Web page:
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For their own good
Fifty years ago, they were screwed-up kids sent to the Florida School for Boys to be straightened out. But now they are screwed-up men, scarred by the whippings they endured. Read the story and see a video and portrait gallery.
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Lightning ready to put up a fight
Coach and players agree a tougher style of play is a key element in a winning season.
By DAMIAN CRISTODERO
Published October 3, 2006
TAMPA - General manager Jay Feaster said the Lightning is at its best when players battle for every puck and every inch of ice.
Coach John Tortorella and the players said so, too. It was, they agreed, the essence of the team that won the 2004 Stanley Cup.
Another thing on which they agreed: The Lightning did not do enough of it last season.
"I'm not going to say we were an easy team to play," Feaster said Monday, "but the identity of being team tough wasn't what it was."
"It's about playing hard and being a hard team to play against, and that's where I think we fell off last year," Tortorella said. "This year we need to be more business-like. It's about being tougher in all areas."
But what is playing tough?
It used to be measured by how a check rattled the glass or how fast a player could knock the snot out of an opponent who ran over a teammate.
And while there still is a place for that, the generally kinder, gentler NHL, with its instigator and anti-obstruction rules, has made much of that obsolete.
Toughness, then, as the Lightning defines it, is in a sense more a function of hard work than those hard knocks.
For Tortorella, it is most important in terms of puck possession.
Being tough, he said, is protecting the puck in the defensive zone when all avenues for getting it out are closed. It is being first in the corners, winning the puck in the neutral zone, blocking shots.
"Those are the things that make you a tough team to play," Tortorella said.
Defenseman Cory Sarich agreed, though he said it starts with a "relentless" forecheck.
"It's easy to defend against a team that wants to pass the puck all night," he said. "But the ones that keep coming and dump and chase and run you into the ground, that can be tough in and of itself."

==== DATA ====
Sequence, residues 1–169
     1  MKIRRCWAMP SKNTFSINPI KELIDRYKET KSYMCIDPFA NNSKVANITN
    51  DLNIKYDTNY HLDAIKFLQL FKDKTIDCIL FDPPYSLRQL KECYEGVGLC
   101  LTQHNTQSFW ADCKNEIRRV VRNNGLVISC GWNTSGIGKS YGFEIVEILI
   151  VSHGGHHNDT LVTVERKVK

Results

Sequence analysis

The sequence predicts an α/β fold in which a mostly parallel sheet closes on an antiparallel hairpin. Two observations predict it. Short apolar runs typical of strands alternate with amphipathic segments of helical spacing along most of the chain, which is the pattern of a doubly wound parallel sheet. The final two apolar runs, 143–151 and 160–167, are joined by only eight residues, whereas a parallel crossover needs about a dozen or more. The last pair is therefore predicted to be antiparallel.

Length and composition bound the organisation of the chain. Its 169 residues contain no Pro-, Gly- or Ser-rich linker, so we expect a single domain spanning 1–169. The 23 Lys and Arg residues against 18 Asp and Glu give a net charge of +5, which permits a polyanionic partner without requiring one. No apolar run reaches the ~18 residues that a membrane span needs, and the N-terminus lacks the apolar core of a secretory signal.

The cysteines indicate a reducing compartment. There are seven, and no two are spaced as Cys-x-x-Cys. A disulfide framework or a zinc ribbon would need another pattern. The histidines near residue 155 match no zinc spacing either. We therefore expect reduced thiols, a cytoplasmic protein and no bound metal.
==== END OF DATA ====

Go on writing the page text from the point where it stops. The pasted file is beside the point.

Still, sometimes it is best to get back to basics.
"We definitely need to be more physical," defenseman Dan Boyle said. "We didn't take the body enough. That was one of our weaknesses last year. Even though we're not the biggest team in the league, we need our guys to be banging."
But that is where it gets complicated.
"You need the hitting when it presents itself," Tortorella said. "The important part of hitting is understanding the momentum of a game."
As Sarich said, "There are nights when it's easier to get on the attack. It's the nights when you are stalemated and things aren't going your way, those are the nights you have to battle through and sometimes it takes a physical presence."
The Lightning has plenty of players to take that role.
Rookie wing Nick Tarnasky made the roster because he is willing to battle. Center Vinny Lecavalier has said bashing bodies spurs his game, and at 6-feet-6, 227 pounds, one would think Nikita Alexeev could move a body or two.
Defenseman Luke Richardson and wing Ruslan Fedotenko have that element to their games as does Sarich, whose pasting of Detroit's Boyd Devereaux was the hit of the preseason.
The problem is the new anti-obstruction rules.
It used to be a player could miss a check and still slow an opponent by tugging a jersey or hooking him with a stick. Now that is a penalty. Miss a check, then, and you have taken yourself out of the play.
Tortorella said players do the same when blindly retaliating against on-ice agitation.
"Part of being tough is taking a hit and not retaliating and sitting in the (penalty) box," he said. "I know the fans and media get upset when they think you should retaliate, but some of the mental toughness you have to take in with a team is to take that and maybe take a penalty and score on the power play.
"Do I want our players to stick up for one another? Absolutely. But there are so many things going on with penalties, you have to be careful. Sometimes being tough is sucking it up and scoring on a power play."
Considering the Lightning's special teams play last season, the team could use more of that, too.